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LAS VEGAS, Nevada -- Wynn Las Vegas went all the way to Europe to hire eight specially trained members of the $2.7 billion Strip hotel-casino's security detail.
But they don't require much in the way of salary.
Two Labrador retrievers and six German shepherds make up the key components of the resort's canine patrol, where the dogs, who came to Las Vegas highly educated in bomb-detection techniques, work with their handlers to find dangerous materials, explosives and other substances that might be brought illegally into the resort.
The idea of having a bomb-detecting dog team on property isn't new to the Strip. MGM Mirage and the Stratosphere both have canine units working at their properties.
The difference, said Wynn Las Vegas Vice President of Security Jerry Keller, is the overall size and scope of the canine detail.
Throughout the day and night, the dogs and handlers patrol all areas of the casino, the resort's public promenade, the hotel's luggage distribution center, the two main entrances, and the back-of-the-house facilities.
In just the first week of the resort's operation, the dogs have become highly visible, outfitted with harnesses labeled "Security" and hotel employee identification badges.
"The dogs are a deterrent. We want them visible for both our employees and guests," said Keller, a former two-term Metropolitan Police Department sheriff who retired in 2001 and now oversees the Wynn Las Vegas 270-person security force.
"Visibility is a key element. The dogs are part of the overall security measures we've developed."
The dogs -- with Las Vegas-themed names such as Ace, Blackjack, Keno, Casino and Jackpot -- range from 2 to 3 years in age and are housed at Wynn Las Vegas in a $500,000 climate-controlled kennel, complete with a bathing area and two large outdoor exercise pens.
Citing the terrorist attacks of Sept. 11, 2001, Keller said security measures at large public buildings changed dramatically. Wynn Las Vegas, the Strip's most expensive property and the first new resort in five years, has garnered worldwide media attention and could be a highly inviting terrorist target.
"We have heard nothing that could be termed as a threat, but, we make the safety of our guests a primary focus," Keller said.
And that's where the canine patrol comes into effect.
Keller said the dogs were trained in explosives-detection techniques in Europe and were screened by two American-based canine security consultants who personally chose which dogs were brought to Las Vegas.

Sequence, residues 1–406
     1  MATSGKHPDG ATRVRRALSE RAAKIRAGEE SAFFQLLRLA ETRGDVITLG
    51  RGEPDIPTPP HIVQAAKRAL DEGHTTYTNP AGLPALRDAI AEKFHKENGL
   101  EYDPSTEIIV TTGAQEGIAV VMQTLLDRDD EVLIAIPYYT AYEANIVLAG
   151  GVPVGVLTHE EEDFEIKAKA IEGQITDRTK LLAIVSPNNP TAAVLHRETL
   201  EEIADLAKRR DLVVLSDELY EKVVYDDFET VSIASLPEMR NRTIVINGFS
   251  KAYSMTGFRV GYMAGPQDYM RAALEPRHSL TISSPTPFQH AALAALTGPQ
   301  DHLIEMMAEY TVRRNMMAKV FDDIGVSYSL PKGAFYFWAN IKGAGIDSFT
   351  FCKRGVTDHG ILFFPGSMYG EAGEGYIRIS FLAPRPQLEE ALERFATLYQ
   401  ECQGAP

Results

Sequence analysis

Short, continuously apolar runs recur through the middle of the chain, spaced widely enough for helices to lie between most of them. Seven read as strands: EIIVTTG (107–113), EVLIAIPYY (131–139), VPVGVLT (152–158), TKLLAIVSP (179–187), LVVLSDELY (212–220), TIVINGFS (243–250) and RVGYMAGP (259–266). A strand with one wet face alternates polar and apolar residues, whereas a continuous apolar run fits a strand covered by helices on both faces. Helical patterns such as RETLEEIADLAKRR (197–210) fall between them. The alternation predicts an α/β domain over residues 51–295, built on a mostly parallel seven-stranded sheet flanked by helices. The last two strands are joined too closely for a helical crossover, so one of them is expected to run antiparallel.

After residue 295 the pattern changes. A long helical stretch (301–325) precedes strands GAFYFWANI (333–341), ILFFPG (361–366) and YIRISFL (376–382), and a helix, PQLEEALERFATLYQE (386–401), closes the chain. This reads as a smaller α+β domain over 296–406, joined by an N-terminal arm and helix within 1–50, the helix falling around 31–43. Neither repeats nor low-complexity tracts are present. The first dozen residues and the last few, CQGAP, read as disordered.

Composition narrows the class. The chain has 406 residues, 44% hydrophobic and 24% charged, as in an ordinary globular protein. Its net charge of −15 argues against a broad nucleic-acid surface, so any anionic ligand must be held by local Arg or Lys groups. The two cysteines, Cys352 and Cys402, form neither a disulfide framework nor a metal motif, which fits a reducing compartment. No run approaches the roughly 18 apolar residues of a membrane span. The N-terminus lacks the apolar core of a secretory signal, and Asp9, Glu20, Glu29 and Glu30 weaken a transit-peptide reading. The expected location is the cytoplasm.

The eight security officers who are trained to work with the dogs were selected out of 235 applicants and have more than 35 years of combined canine handling experience, including with law enforcement and resort destinations.
"The dogs are very alert and extremely aware of their surroundings," said Ann Vanderhoof, who oversees the detail and spent the past five years as a canine security handler at Disneyland.
"A dog's nose is 350 billion times stronger than a human nose," Vanderhoof said. "The dogs are always working. When we're walking through the property on patrol, they are very alert."
The dogs have specific scents they seek. However, they aren't trained to detect drugs or illegal narcotics.
"Trying to recognize that many scents can become confusing," she said.
On patrol through the property, the dogs obey commands from handlers. By instinct, if a guest walks by with a suitcase or satchel, the dog might grab a scent.
Hotel guests are discouraged from petting the dogs.
If a suspicious scent is detected, the dogs are trained to have a subtle reaction recognized by handlers. Security and Las Vegas police would then be alerted.
Canine team member Mark Jones, who has experience as a canine handler with the Los Angeles County Sheriff's Department, said dogs and handlers went through extensive training before the property opened to build a bond.
One aspect that is different from his law enforcement career -- the dogs don't go home with their handlers.
"These dogs were very experienced when they arrived, and we're constantly going through additional training," Jones said.
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